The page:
Mike Eng

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Mike Eng

Mike Eng represents the California 49th Assembly District, which is located within eastern Los Angeles County and includes the cities of Alhambra, El Monte, Monterey Park, Rosemead, San Gabriel, San Marino, and South El Monte. He chairs the Assembly Committee on Banking & Finance. Prior to serving in the State Assembly, he served as Mayor and City Councilmember of Monterey Park and as a Monterey Park Library Board Trustee. Assemblymember Eng earned his law degree from the University of California at Los Angeles after completing his Bachelors and Masters degrees at the University of Hawaii. He is also a part-time community college instructor. He is the husband of Judy Chu.[1]

Stewart Kwoh

While studying law at UCLA from 1971 to 1974,Stewart Kwoh opened a legal-aid office aimed at low-income youth in Los Angeles' Chinatown. His partner was classmate Mike Eng, who is now a legislator in the California Assembly and the husband of US Representative Judy Chu, the first Chinese-American woman elected to Congress. [2]

"Vincent Who?"

In 1982, Vincent Chin was brutally murdered in Detroit "at the height of anti-Japanese sentiment". The judge ruled it a case of manslaughter and the two killers, both autoworkers, never served a day in jail.

The case became a cause celebre for the Communist Workers Party.

A film about the case "Vincent Who?" was released in 2008, dealing with impact the case had had on activists at the time.

More than twenty-five years later, that case remains a touchstone in the struggle for civil rights and the advancement of the Asian American community. In this new documentary, VINCENT WHO?, we take a quick look back at the case, but more importantly we examine the effects the case had on the leading community activists of today and the future leaders of tomorrow.

Interviewees and speakers included Helen Zia (leading activist during the Chin case), Stewart Kwoh (Founder & Executive Director, Asian Pacific American Legal Center), Judy Chu (Chair, California State Board of Equalization), Mike Eng (California State Assemblyman), Renee Tajima-Pena (Producer & Director, WHO KILLED VINCENT CHIN?), Frank Wu (Dean, Wayne State University Law School), Janet Yang (Producer, THE JOY LUCK CLUB), Justin Lin (Director, BETTER LUCK TOMORROW), Robin Toma (Executive Director, Los Angeles County Commission on Human Relations), Nhung Truong (District Representative, Office of Congressman Adam Schiff), Sejal Patel (Activist, Los Angeles Alliance for a New Economy), Ben de Guzman (National Campaign Coordinator, National Alliance for Filipino Veterans Equity).[3]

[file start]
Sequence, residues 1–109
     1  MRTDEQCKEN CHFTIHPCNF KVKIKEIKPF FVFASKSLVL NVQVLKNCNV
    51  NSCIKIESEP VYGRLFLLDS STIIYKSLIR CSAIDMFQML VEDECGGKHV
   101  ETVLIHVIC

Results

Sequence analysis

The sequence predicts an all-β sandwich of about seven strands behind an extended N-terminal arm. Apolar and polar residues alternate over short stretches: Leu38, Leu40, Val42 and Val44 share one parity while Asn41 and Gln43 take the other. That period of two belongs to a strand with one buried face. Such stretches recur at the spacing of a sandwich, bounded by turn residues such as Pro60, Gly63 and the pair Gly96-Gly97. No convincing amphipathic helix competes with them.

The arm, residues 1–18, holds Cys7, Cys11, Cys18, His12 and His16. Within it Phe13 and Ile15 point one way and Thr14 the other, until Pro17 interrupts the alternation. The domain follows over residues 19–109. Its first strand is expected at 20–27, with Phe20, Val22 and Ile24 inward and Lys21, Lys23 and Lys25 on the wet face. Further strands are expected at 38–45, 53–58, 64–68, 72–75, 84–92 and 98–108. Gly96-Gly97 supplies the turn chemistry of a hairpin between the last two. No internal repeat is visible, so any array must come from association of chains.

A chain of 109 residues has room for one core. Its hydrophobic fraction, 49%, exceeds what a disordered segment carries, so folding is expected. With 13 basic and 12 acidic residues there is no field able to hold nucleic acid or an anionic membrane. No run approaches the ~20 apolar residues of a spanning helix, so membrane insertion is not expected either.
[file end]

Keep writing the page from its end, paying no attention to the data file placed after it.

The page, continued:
Residents of the heavily Asian Los Angeles suburb of Monterey Park gott to vote spring 1986, on whether to make English the city's official language.

Petitions for a ballot measure to make it the official language were submitted to the city council Tuesday. At the same meeting, the council voted for a ballot measure that would have the opposite effect - it calls for a multi-ethnic and multicultural heritage for the city.

Monterey Park is turning into another Chinatown, complained photographer Frank Arcuri, who spearheaded the English-only drive.

The opposition tries to make us into something racist. It isn't. It's language, he said.

But Michael Eng, a spokesman for the Coalition for Harmony in Monterey Park, said, If we want a civil war, the likes of which no one has ever seen, which pits neighbor against neighbor, citizen against immigrant and race against race ... vote for English only. The coalition pushed the ballot measure calling for a multicultural city.[4]

It was very painful… the reason I felt pain was when we moved to Monterey Park, I had been through the civil rights movement, seen what happened during the antiwar demonstrations… but I was totally unprepared for what I saw in Monterey Park,” he said.

CHAMP members included co-founder Ruth Willner,Jose Calderon, and Fred Rivera.[5]

"A conversation with Judy Chu and Jean Quan"


This event was held Sunday July 10, 2011, Empress Pavilion, LA Chinatown.

The Host Committee consisted of


Legislation that will require two key state agencies to collect and disaggregate data on Asian Americans, Native Hawaiians, and Pacific Islanders (AANHPIs) was signed by Governor Jerry Brown on October 11, 2011.

Assembly Bill 1088 was introduced by Assemblymember Mike Eng, who worked closely with Asian Americans for Civil Rights and Equality (AACRE) to sponsor the bill and mobilize yearlong community support for passage. Over 1,200 individuals and 100 organizations representing the AANHPI and broader California community signed petitions and submitted letters, urging passage of the bill.[6]

California Asian Pacific Island Legislative Caucus

The California Asian Pacific Island Legislative Caucus formed in January 2001, consisted, in the 2011 - 12 session, of Assembly Members Mike Eng, Paul Fong, Warren Furutani, Mary Hayashi, Ted Lieu, Fiona Ma, Alberto Torrico, and Mariko Yamada and Senators Leland Yee and Carol Liu. State Controller John Chiang and State Board of Equalization Member Betty Yee served as honorary members of the Caucus.[7]

White House guest


On October 13, 2011, Congresswoman Judy Chu, her husband Mike Eng, and Kent Wong and Jai Lee Wong, were guests at a White House dinner to honor South Korean President Lee Myung-bak.